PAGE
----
Think about how most sales training works:
- You go to a classroom
- You sit in there, listen to some lecture and try some hands-on training
- You repeat the process for 2-3 days or so
- The company/trainer stays on with you to provide some on-going training (in rare cases)
The problem with this and similar approaches?
They don’t work!
And there’s all sorts of data and anecdotal evidence to prove it. This post at Forbes says “The human brain simply wasn’t designed to learn this way.”
During those events, the trainer bombards your sales reps with all sorts of selling techniques and concepts.
And think about your own experiences. Have you measured your sales performance following one of those “fire-hose” sales training sessions?
Maybe it jumps a little for a month or two because everyone’s all fired up about your new approach.
But then slowly but surely, you notice your sales team going back to exactly the same old habits.
So they got exposure to some new things, but never really “learned” anything at all!
Why Sales Coaching Works
Here’s a few reasons why it does, and what you can do to get the most out of it:
1. You Get Direct Feedback on Your Experience You Can Apply
Think of pro athletes. – they don’t spend time in the classroom learning about theories and concepts. They watch game film, go out there, and practice their skills against each other in preparation for their opponent.
With sales coaching you mimic that process. Your manager listens to several recorded sales calls and scores each one. Then, you get direct feedback on what you do well and what you can do better.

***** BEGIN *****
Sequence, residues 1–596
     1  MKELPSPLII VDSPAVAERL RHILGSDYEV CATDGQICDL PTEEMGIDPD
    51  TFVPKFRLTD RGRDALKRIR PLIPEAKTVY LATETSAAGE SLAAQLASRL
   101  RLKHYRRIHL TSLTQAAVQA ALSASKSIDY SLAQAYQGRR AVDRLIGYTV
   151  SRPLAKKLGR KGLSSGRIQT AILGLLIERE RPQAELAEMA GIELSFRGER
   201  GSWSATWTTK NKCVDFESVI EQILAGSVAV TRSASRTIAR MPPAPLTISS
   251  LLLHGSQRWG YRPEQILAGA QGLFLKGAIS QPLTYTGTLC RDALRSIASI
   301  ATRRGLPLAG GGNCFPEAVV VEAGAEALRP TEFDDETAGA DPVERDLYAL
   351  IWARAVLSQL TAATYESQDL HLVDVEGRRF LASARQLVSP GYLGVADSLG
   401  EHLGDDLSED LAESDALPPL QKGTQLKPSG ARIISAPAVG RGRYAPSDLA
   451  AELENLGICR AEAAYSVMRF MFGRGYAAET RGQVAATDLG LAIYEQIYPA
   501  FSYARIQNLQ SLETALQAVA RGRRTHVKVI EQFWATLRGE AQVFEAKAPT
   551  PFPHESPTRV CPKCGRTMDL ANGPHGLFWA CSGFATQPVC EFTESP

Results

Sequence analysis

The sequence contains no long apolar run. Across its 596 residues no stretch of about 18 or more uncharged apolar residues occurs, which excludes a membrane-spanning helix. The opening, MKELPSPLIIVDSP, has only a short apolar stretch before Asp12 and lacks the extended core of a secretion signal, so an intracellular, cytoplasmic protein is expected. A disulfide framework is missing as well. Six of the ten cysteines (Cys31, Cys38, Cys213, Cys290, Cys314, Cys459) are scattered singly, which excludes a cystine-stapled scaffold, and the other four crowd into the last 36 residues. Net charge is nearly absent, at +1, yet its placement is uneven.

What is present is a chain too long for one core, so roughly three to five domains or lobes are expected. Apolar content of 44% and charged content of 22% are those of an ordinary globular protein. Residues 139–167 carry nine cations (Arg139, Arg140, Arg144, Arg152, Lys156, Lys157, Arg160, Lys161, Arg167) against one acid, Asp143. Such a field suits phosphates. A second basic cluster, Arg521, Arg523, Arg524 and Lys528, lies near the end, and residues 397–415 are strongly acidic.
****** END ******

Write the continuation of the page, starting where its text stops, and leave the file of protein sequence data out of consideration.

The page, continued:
You get to actually do what you’re supposed to do in a real situation, instead of learning about it or going through a simulated situation.
2. Focus on One Thing at a Time
Remember how children in the 1800s became apprentices to master professionals to learn their trade? That’s closer to how learning really works.
It’s an ongoing process. And a one-time event does not help you learn much of anything at all! Your sales team needs to practice the skills over and over again.
But to really learn, they need to focus on just a single thing at a time. So if your employee doesn’t do too hot during the first 20 seconds of a call, work on techniques for earning attention and building connections.
If they’re not very good at closing deals, help them figure out better ways to make that happen.
3. Should You Direct or Facilitate?
The answer depends on the experience and skill of your employees. If they’re new and struggling, go with the directive route (“Do this when…”)
If they’re experienced, they probably won’t respond as well to that approach. In that situation, act more as a facilitator. Ask your employees, “What do you think you could do to get better at this?” or work together by saying, “Let’s figure out what steps to take next.”
Sales training works, but you have to go about it in the right way. Make sure you do avoid the traditional “classroom” approach – that’s just throwing money away.
In today’s business climate, recording calls, scoring them, and working one-on-one with your reps works.
Your bottom line will thank you for it.